“Vessels sometimes shut their AIS when they are going into pirate waters for example, as they wouldn’t want anyone to pick up their signal because they could then be targeted by pirates,” he said.
Straightforward breaks in satellite signals have also been seen in the east Mediterranean.
An Iranian tanker that loaded a cargo of gasoline in Syria transmitted a message on tracking systems that it was heading for Libya in early November.
Satellite tracking showed the ship, the Alvan, sailed west towards Libya before dropping off the radar for at least 24 hours.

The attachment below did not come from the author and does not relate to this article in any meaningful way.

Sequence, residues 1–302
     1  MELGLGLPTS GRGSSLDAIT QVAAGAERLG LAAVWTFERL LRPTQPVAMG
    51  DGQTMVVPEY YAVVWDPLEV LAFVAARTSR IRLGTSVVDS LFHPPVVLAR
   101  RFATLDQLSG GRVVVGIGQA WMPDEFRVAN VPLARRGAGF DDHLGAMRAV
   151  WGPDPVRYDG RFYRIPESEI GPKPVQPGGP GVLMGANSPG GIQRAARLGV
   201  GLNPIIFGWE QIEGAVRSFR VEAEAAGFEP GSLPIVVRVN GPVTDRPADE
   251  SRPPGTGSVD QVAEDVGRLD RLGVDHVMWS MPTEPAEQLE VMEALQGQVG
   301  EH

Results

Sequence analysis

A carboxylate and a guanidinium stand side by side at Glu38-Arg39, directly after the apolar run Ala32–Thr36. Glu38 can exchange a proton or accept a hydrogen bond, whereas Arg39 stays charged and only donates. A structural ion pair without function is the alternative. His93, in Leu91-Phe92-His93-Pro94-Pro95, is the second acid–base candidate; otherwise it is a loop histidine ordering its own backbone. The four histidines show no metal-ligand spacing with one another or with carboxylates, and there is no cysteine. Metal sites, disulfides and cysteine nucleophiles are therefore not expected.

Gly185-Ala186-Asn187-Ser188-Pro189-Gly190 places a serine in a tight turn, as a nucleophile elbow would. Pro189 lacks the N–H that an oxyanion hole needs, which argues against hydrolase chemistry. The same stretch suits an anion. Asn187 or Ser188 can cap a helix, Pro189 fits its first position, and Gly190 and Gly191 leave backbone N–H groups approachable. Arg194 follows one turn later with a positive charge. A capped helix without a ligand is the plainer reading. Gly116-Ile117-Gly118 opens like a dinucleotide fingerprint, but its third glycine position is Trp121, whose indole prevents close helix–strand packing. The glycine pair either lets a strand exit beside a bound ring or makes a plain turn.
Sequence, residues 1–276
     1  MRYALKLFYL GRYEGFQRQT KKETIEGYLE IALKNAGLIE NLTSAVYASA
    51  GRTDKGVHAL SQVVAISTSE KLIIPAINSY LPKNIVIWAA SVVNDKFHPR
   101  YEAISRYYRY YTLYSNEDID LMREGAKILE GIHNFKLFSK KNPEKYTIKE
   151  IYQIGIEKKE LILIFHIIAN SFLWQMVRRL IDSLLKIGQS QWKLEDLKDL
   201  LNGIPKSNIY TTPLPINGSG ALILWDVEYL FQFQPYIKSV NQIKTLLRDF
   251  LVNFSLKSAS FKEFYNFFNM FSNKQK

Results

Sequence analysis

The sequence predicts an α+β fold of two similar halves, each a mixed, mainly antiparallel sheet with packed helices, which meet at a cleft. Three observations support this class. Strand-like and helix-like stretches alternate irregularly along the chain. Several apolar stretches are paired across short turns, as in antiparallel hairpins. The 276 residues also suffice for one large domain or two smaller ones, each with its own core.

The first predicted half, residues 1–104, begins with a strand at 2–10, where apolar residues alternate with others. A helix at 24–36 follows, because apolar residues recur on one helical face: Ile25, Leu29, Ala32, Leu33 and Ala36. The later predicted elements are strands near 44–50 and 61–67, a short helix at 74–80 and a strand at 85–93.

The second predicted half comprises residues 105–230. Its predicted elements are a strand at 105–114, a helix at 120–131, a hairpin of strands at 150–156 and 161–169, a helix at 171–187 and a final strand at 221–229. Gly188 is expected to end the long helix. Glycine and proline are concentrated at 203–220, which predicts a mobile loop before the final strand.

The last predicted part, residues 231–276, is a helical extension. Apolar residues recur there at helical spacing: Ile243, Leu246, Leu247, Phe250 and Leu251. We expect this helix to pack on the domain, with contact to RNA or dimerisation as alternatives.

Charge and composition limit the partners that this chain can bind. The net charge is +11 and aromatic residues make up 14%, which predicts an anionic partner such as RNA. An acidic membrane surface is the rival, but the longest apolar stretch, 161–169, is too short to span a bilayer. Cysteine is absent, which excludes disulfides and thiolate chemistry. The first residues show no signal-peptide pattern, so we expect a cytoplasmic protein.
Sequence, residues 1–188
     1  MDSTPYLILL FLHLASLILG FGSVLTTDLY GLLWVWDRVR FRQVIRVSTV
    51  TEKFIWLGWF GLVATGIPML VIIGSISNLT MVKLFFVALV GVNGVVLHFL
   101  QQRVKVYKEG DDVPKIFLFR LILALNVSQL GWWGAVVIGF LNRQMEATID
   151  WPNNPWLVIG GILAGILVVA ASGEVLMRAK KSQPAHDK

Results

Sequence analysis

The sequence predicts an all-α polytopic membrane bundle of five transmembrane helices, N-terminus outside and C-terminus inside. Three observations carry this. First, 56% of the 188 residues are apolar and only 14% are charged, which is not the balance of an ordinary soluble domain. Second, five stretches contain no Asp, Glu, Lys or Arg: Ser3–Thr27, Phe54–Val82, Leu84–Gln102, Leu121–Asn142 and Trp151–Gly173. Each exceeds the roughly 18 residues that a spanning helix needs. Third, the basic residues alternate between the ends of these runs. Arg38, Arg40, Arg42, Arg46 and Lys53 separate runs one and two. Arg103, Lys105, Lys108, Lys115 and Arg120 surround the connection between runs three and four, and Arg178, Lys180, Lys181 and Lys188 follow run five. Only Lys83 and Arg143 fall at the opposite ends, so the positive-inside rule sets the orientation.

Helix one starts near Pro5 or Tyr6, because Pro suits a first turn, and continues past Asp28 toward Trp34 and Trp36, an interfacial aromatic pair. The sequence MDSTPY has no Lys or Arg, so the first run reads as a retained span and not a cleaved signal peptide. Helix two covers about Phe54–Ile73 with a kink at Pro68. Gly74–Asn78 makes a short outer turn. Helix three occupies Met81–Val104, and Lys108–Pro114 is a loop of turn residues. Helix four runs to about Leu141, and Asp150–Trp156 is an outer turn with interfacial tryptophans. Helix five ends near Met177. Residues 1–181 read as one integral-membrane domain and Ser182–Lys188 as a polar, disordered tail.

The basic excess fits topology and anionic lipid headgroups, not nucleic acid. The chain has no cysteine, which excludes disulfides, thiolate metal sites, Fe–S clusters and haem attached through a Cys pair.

When it began to transmit again, it was sailing back in the opposite direction, east towards the Suez Canal, eventually returning to Iran in mid November.
Libyan authorities say they have not engaged in any oil trade with Iran, and no Iranian tankers had passed through Libyan ports.
“I assure you we never received any Iranian vessels in our oil terminals to load or unload,” said Ahmed Shawki, the head of marketing at Libya’s National Oil Corporation (NOC).
(Additional reporting by Jonathan Saul, Amena Bakr and Fumbuka Ng’wanakilala; Editing by Will Waterman)